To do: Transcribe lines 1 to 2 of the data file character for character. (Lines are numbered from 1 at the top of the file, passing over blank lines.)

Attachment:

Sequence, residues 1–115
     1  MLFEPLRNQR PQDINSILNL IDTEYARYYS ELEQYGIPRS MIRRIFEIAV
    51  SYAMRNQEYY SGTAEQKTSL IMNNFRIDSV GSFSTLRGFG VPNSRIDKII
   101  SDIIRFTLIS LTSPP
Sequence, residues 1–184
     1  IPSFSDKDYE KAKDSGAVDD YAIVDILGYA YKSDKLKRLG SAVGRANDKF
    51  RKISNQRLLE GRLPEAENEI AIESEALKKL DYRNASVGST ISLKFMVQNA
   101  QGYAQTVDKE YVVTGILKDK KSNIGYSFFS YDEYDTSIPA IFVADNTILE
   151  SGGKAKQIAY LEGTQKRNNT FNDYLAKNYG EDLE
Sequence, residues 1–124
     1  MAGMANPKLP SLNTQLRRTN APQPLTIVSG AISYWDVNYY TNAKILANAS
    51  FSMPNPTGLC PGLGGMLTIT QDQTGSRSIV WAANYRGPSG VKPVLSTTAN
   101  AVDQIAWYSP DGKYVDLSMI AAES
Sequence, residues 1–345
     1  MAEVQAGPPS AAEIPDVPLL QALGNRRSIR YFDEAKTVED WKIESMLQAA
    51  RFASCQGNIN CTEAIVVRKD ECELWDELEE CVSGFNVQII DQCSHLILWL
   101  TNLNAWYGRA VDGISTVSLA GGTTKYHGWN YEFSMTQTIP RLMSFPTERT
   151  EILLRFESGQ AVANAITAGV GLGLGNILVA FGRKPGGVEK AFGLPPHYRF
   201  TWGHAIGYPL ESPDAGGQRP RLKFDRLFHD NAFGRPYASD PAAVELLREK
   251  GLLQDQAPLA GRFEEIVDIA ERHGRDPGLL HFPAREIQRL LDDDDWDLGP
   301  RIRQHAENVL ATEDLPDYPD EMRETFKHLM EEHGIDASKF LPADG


Sequence, residues 1–115
     1  MLFEPLRNQR PQDINSILNL IDTEYARYYS ELEQYGIPRS MIRRIFEIAV